Keeping authors front and center in their book marketing programs is essential to success. It works even better when campaigns are carefully planned with the book and author’s goals in mind.

    The most effective campaign plans include many elements, such as media coverage, online exposure, speaking engagements, events, appearances, writing bylined articles, and posting on social media.

    Authors’ social media posts need to coordinate with other publicity campaign elements.

    Well-rounded publicity and marketing programs are adaptable. As the campaign gets underway, you can adjust based on successes and maximize what works best.

    The successful authors who are your competition will launch their books with marketing support. You must commit seriously to handling it DIY or work with professional book marketers and publicists.

    Take Author Branding Seriously

    Please pay attention to author branding, even though it might not initially sound important. It’s well known that people buy books because of interest in their authors, which is a function of branding. Therefore, successful author branding and book marketing work hand in hand.

    Personal branding includes the things people think of you.

    • What are you known for?
    • How are you and your books helpful or entertaining?
    • What can readers expect when they pick up a book you’ve written?

    Your books automatically contribute to your branding along with what you say in the media, how you come across in speeches, your social media posts, etc. It’s why being focused and having key messages can be helpful in many ways.

    Decide on Key Messages and Talking Points

    Frequently asked questions about book publicity. A child screaming into a microphone to convey the different ways to publicize your book.

    Authors who market their books successfully are consistent in their messaging. You want to make an impression on target readers and the media by saying the right things consistently.

    What are your five key messages or talking points? Explain what you want readers/the media to remember about you and your book; these become five key messages about your book’s theme or message.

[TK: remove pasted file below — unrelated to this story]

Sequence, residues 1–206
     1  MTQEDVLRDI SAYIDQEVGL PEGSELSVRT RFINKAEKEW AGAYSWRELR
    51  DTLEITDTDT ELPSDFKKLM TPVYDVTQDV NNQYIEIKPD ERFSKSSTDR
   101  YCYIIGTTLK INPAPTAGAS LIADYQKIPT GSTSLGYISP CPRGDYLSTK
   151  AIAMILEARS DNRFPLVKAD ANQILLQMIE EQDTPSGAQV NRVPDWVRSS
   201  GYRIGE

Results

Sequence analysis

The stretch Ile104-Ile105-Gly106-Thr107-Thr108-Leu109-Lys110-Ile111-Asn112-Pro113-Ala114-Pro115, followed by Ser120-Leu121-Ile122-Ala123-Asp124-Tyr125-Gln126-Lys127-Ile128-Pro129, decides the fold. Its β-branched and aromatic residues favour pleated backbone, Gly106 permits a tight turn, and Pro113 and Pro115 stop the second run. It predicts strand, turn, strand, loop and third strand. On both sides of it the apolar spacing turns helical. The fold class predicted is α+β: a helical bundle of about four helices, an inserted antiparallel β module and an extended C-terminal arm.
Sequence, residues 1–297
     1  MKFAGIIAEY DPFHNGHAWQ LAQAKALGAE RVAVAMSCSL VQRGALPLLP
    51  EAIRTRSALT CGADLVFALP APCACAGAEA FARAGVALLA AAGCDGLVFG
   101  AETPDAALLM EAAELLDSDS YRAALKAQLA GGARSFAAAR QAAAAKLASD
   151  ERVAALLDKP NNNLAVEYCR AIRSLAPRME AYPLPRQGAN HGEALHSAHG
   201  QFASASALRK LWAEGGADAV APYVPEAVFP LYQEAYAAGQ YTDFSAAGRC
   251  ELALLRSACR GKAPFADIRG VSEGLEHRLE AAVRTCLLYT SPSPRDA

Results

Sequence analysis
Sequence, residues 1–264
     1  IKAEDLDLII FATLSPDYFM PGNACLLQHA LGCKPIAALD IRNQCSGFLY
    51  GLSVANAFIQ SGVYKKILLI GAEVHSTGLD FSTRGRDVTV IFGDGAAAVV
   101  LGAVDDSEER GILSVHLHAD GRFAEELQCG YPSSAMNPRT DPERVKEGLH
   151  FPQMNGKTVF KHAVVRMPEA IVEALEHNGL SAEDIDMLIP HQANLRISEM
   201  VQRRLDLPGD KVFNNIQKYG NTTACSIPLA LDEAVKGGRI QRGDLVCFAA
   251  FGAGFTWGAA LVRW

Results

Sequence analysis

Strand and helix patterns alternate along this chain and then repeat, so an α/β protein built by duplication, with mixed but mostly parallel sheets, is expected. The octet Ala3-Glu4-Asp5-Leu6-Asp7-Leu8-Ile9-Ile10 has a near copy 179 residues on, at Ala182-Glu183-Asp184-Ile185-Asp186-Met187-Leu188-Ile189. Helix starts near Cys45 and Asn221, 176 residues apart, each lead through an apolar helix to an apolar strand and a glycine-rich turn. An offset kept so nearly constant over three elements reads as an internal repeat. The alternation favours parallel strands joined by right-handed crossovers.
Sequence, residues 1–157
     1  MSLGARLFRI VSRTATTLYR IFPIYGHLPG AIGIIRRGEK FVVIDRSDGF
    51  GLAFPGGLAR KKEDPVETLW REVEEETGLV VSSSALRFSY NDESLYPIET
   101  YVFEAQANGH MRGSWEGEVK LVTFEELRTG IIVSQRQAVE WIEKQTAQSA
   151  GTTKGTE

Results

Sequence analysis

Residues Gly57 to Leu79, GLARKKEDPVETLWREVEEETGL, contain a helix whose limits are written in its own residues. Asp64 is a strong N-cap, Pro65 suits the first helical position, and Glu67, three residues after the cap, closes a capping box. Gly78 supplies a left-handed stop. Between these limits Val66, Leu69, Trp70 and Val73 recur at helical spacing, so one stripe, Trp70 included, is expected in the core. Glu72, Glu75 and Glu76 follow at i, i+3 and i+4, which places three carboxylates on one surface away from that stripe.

What three to five things do you want the media to know about you? Examples may include your book’s specific ideas, themes, background/education, or accomplishments.

    Make Your Key Messages More Usable

    In the final step, it’s helpful to expand on your key messages by writing several sentences of conversation about each one. The purpose is to help you prepare and increase your comfort level.

    In author interviews that help market books, your answers to the host’s questions may draw on the expanded talking points. It enables the host to understand where you are going with your answers, leading to more questions that expand the discussion.

    • When you write the expanded talking points, these thoughts may help you get started:
    • What can you share that addresses the audience’s needs and interests?
    • Are there relevant facts, figures, and research that support your points?
    • Do themes in your book connect to current news topics, society, the world, or life in general?
    • What is the most surprising or controversial aspect of your book?
    • Are you prepared with answers to questions you expect people will ask you?

    Conclusion: How Authors Market Their Books

    The media can’t interview a book is an axiom in the PR world. It recognizes the central role of authors in marketing their books. It sparks people’s interest when you’re visible, interesting, and entertaining.

    At Smith Publicity, our business is helping authors promote their books and achieve their goals. Whether you’re hoping to sell books, promote your business, or gain personal visibility, we can help.

    When you follow the suggestions in this article, work with professional book marketers, or both, you’ll improve your book’s chances of success.

    You put a lot of time into writing it and deserve to achieve your goals.